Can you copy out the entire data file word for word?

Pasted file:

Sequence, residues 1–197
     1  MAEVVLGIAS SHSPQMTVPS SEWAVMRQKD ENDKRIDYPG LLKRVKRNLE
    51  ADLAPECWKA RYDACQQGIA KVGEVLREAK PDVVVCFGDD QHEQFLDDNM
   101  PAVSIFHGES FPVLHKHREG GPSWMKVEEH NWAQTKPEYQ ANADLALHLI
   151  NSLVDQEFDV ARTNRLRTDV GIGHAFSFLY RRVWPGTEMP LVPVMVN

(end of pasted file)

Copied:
Sequence, residues 1–197
     1  MAEVVLGIAS SHSPQMTVPS SEWAVMRQKD ENDKRIDYPG LLKRVKRNLE
    51  ADLAPECWKA RYDACQQGIA KVGEVLREAK PDVVVCFGDD QHEQFLDDNM
   101  PAVSIFHGES FPVLHKHREG GPSWMKVEEH NWAQTKPEYQ ANADLALHLI
   151  NSLVDQEFDV ARTNRLRTDV GIGHAFSFLY RRVWPGTEMP LVPVMVN